It's no secret, I hate shooting weddings. I've always felt that way and then Lee took me on an actual wedding gig and confirmed two things. 1) I really do hate shooting weddings and 2) I'm pretty shitty at it. They are way too much work, way too many creative restrictions, way too little lighting options and way to many guys and gals running around with cameras, far better than mine, pretending to be photographers. Don't even get me started on the potential for having to deal with bride-zillas. And now this story caught my eye, where a client is suing a studio for missing the last 15 minutes of his wedding. Sounds reasonable, you say? Well get this: not only was the wedding done in 2003, but the client is also divorced and is suing to have the whole wedding reinacted for $48,000 plus the original $4100 fee. Studio owner Dan Fried says that the cost of defending themselves in court has already matched the sum demanded by Remis (the client), and calls the case “...an abuse of the legal system.” I can't wait to see all your comments on this one. For links to the full story, jump in and leave your comments below.
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Nick Veasey's work has been around and you may have seen some of it before but it doesn't make it any less cool. To paraphrase Nick, he likes to counter the obsession we have with superficial appearance by using x-rays to strip back the layers and show what is under the surface. He likes to challenge our automatic reaction to physical appearance by highlighting the inner beauty. We can't all have access to an x-ray machine like Nick but at least we can look at his photography and see ourselves and the world in a whole new light. Jump into the full post to see twenty one truly revealing shots.
Your "Likes", "Tweets", comments and clicks all help us know which are our best posts of the month. And because we don't want anyone to miss any of Fstoppers' goodness we put "The Best of" in a monthly newsletter for you. So, if you missed anything this October check out the top posts of the month and sign up for our newsletter here
As I mentioned at the beginning of the month, we are going to have guests stop by to write posts, just for you, our FS readers. Some of these well known and accomplished members of the photo industry will be here to get something off their chests. Others to plug something. Some to teach and others to entertain. This month we are happy to bring you Jeremy Cowart and he wants you to think about something. Jump into the full post to see what's on his mind and be sure to check out all that his links have to offer. Thanks for this great post Jeremy.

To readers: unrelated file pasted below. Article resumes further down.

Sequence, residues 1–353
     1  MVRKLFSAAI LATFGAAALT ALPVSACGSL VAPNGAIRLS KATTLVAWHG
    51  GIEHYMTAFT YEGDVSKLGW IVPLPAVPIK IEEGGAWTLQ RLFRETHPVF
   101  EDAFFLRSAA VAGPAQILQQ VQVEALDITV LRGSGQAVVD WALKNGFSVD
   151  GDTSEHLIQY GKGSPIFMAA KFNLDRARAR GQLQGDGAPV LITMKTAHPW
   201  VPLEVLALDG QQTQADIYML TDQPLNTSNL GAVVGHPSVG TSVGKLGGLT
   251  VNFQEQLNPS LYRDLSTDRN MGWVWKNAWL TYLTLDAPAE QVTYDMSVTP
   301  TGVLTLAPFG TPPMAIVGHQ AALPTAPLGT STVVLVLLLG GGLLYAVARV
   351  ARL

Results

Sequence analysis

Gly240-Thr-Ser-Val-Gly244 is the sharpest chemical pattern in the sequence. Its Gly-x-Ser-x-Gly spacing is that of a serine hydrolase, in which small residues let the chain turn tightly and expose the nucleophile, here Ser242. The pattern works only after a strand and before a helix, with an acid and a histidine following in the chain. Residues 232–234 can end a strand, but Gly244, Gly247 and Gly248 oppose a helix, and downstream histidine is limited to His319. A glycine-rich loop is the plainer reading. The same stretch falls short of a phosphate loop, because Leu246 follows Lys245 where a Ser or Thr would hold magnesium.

Joel Grimes is a commercial advertising photographer who is most known for his composite portraits. In his recent interview with [Framed], Joel discusses how he got started with his career, how he uses 16bit HDR images in his workflow, does a full photoshoot, and even shows off his musical talents. The video is long so take your time watching it because he gives a lot of useful tips. I'm trying to persuade Sean Armenta to create an Fstoppers Post Production Tutorial on this type of composite editing so if you have questions leave them in the comments below.
This striking image (pun intended) was shot by Blair Bunting for a Deadliest Catch ad for Discovery Channel. Curious to know how he did it? Well, luckily for us, his assistant Paul Morton filmed the whole thing, and Mike Maez was kind enough to edit it down into a digestible and inspiring video. Do not worry, it did not take any knocked out teeth or injured sailors to get the job done, but rather a couple of Pro-7a units and 3 high powered leaf blowers. Have a look and see for yourself!via the ProFoto Blog
You may remember the Lytro camera from Patrick's earlier posts, "...An Image You Can Focus After You Capture It" and "The Focus Later Camera...", well now Lytro has announced it's consumer light field camera with an 8x f/2 lens and built in storage. An 8GB camera that stores 350 pictures will be priced at $400, while a 16GB with a 750 image capacity will cost $500. Lytro cameras are currently available for pre-order, shipping early 2012. The question now is, "Is this camera going to be developed for professional use or is it destined to be little more than a consumer gimmick?" Take a look at the photos and video in the full post and let us know what you think.
As creatives we photographers have very little reason to be packing standard humdrum business cards (let's leave those for the door to door salesmen and insurance agents). Photographer/Blogger Katie Sokoler obviously agrees with me as she recently posted on how she made her home made cards. I love exchanging cards but am often disappointed when I'm out networking with my peers and I recieve a card that is unimaginative or worse, tacky. Whenever I hand mine out I'm often bombarded with a slew of questions like, “Is this an envelope? Is there something inside it? Can I open it?". To which I respond: “Yes it is. Yes there is. Yes you can.” Which often leads to the question, “How much did it cost to have these made?” To which I respond: "I did them myself." So I decided to follow Katie's example and throw up a few pics to show how I make my cards. See how putting in a little bit of effort can help get you remembered.